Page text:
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The midterm election is boring...or not?

By Sally Kohn, CNN Political Commentator
updated 9:01 AM EDT, Fri October 31, 2014
U.S. Rep. Tom Cotton and his wife, Anna, greet supporters during an election night gathering in Little Rock, Arkansas, on Tuesday, November 4. Cotton, a Republican, has been projected to unseat Mark Pryor in the U.S. Senate. U.S. Rep. Tom Cotton and his wife, Anna, greet supporters during an election night gathering in Little Rock, Arkansas, on Tuesday, November 4. Cotton, a Republican, has been projected to unseat Mark Pryor in the U.S. Senate.
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STORY HIGHLIGHTS
  • Sally Kohn: Midterm elections don't excite voters but this year looks particularly dull
  • Kohn: Part of the reason is that election forecasters have taken the fun out of the process
  • She says congressional jobs and stories are not sexy; the media should try to fix this
  • Kohn: We need a culture of passionate political participation and voter enthusiasm

Editor's note: Sally Kohn is an activist, columnist and television commentator. Follow her on Twitter @sallykohn. The opinions expressed in this commentary are solely those of the author.

(CNN) -- Midterm elections don't usually have the same excitement as presidential elections. Given our short attention span, celebrity-driven culture, we're more drawn to the race to be the "leader of the free world" rather than "leader of the House Ways and Means Committee."

That said, this year's midterm elections look particularly dull. Or is it that our interest is dulled? Either way, it seems everyone is writing about how boring the midterms are -- from Peter Beinart in the Atlantic to Ezra Klein in Vox to David Brooks in the New York Times. So here's my take on why this midterm election is sort of dull, but not as dull as we think.

1. The forecasters have taken out all the fun

Sally Kohn
Sally Kohn

That's right, I blame Nate Silver. In the 2008 election, Silver used statistics and polling to correctly predict presidential election outcomes in 49 of the 50 states. This turned his science into a cult. It also catapulted what was once a fringe fixation of a few geeks into a major preoccupation of mainstream media. Now that we're inundated with these predictions, it's hard to know if they're predicting or predisposing the outcomes of the election.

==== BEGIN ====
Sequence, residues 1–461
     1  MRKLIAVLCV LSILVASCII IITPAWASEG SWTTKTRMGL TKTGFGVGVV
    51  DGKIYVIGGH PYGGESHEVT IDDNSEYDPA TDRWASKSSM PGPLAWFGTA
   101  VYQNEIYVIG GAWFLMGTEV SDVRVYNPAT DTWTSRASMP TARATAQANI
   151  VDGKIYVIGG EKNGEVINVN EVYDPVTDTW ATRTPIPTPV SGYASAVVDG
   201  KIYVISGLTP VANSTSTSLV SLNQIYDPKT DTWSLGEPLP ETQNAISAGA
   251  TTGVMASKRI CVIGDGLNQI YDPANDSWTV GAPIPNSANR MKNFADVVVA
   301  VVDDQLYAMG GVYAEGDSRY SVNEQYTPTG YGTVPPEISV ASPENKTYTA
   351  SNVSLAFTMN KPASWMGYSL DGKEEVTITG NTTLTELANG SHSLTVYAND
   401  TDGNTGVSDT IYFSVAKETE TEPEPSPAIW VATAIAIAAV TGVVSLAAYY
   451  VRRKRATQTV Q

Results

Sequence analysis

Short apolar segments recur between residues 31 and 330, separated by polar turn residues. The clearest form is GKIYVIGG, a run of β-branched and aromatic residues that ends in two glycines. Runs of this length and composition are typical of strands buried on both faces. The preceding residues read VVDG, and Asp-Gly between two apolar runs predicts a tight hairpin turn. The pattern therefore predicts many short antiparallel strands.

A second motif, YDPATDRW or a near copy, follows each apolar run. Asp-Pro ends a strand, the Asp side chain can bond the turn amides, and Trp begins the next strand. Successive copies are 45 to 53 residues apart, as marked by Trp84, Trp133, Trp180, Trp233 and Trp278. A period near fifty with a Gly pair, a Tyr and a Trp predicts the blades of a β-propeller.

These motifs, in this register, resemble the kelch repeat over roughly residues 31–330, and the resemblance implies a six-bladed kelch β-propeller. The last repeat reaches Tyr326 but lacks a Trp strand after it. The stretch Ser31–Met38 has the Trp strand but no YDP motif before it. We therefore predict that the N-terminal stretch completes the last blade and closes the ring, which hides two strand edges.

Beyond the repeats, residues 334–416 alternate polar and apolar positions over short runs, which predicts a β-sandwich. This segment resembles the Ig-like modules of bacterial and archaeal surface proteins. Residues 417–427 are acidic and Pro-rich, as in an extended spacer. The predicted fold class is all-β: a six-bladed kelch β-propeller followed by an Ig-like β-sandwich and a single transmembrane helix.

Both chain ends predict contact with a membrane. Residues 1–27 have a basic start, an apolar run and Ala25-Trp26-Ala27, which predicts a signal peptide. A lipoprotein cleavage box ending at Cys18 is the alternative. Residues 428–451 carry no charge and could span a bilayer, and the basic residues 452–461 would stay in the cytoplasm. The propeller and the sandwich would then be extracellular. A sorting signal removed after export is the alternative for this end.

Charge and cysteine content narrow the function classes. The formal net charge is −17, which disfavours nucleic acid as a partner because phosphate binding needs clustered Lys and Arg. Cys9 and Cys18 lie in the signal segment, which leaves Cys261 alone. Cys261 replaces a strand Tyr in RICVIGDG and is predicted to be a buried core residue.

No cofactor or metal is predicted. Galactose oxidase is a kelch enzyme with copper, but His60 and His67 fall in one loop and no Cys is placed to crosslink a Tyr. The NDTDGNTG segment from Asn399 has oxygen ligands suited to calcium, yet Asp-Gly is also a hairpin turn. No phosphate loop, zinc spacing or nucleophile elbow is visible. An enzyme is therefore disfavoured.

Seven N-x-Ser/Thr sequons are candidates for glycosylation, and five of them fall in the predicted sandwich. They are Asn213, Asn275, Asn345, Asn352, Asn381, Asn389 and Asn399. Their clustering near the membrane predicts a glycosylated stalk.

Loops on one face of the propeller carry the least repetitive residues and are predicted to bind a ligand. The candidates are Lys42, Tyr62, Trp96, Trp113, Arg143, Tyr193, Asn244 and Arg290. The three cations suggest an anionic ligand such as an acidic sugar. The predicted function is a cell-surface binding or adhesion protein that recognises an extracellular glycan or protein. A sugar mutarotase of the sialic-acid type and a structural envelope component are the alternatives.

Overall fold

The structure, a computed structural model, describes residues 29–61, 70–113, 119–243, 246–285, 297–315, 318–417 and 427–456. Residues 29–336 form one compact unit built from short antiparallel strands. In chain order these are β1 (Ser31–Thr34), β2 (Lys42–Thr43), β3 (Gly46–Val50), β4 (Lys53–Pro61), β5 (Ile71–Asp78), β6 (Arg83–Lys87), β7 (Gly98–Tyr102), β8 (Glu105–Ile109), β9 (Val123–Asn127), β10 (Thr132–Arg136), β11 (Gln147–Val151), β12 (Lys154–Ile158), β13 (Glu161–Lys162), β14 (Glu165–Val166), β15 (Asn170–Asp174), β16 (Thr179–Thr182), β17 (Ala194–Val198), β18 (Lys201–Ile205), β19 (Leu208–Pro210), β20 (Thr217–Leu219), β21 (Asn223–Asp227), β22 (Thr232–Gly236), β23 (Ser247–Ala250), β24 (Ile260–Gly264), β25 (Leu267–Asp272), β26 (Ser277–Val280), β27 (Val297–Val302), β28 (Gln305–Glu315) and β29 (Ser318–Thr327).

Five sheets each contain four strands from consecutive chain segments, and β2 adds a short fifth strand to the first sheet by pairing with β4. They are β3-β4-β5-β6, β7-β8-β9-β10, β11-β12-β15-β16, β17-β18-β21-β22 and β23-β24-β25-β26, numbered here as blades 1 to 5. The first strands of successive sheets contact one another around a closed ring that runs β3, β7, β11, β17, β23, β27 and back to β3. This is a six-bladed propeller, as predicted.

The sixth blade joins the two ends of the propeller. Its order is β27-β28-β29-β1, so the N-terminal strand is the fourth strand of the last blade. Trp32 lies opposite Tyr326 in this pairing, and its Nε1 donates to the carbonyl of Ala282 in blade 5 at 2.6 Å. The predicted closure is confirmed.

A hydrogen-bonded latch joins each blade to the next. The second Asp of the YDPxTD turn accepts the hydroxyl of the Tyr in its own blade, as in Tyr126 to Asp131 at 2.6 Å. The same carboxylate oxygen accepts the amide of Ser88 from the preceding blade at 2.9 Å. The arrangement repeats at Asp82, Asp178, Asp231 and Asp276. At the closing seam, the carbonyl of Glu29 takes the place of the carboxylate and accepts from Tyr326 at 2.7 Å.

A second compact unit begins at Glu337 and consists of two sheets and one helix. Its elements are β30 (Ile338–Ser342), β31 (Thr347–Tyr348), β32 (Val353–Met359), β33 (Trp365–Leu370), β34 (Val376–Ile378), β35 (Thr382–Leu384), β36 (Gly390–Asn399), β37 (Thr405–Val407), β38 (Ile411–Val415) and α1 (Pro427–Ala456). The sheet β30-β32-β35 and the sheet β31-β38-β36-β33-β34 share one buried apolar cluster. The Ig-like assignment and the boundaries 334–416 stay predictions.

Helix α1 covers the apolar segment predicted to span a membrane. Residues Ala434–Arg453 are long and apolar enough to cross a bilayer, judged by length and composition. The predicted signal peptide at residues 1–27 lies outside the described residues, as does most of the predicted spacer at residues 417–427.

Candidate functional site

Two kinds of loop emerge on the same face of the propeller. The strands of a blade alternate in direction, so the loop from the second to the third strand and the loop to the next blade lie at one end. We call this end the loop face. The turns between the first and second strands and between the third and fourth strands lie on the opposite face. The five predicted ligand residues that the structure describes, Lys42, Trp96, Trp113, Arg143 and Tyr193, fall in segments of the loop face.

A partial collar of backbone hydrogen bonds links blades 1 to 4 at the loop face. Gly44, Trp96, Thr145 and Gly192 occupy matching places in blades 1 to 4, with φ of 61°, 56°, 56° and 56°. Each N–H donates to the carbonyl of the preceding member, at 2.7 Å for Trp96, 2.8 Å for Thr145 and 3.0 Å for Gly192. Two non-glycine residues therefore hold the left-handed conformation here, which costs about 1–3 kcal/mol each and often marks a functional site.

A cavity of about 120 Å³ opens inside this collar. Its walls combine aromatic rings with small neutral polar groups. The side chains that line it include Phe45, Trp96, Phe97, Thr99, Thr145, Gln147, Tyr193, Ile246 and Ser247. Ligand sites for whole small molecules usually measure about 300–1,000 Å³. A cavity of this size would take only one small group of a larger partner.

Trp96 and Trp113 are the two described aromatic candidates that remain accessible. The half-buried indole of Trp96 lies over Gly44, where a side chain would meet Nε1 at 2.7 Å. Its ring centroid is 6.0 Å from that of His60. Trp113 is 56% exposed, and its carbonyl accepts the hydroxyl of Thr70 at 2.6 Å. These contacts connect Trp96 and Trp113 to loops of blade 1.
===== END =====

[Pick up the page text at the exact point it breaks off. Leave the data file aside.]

After all, when FiveThirtyEight tells us Republicans have a 62.3% chance of winning the Senate and the New York Times' Upshot gives the GOP a 65% chance -- and the rest of media regurgitate and spread these "predictions" -- we can assume there's at least some effect of dampening voter motivation.

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On Election Day in 1980, when news outlets reported early that it looked like Reagan was going to beat Carter, voter turnout in California dropped 2%. Now we're reporting the results weeks, even months, before voters show up at the polls. Why get excited about voting? Nate Silver has already decided the election, right?

2. Gridlock isn't going anywhere

You can blame whichever side you want. Polls show Americans blame Republicans more, and I think they're right. Just look at how over the last five years Republicans have blocked virtually every policy President Obama has proposed even when those policies have been copied from the GOP wish list. Voters know this election won't change that.

"Democrats won't take back the House, and without the House, they can't kickstart Obama's agenda. Republicans might win the Senate, and that'll give them the leverage to do...what they're already doing," wrote Ezra Klein. Namely, Republicans refuse to do their job, obstruct even basic laws, and when they don't get their way, shut down the entire government and cost our nation billions. Of course we're disenchanted by an election that isn't going to fundamentally fix the reason why we're disenchanted with Washington as a whole.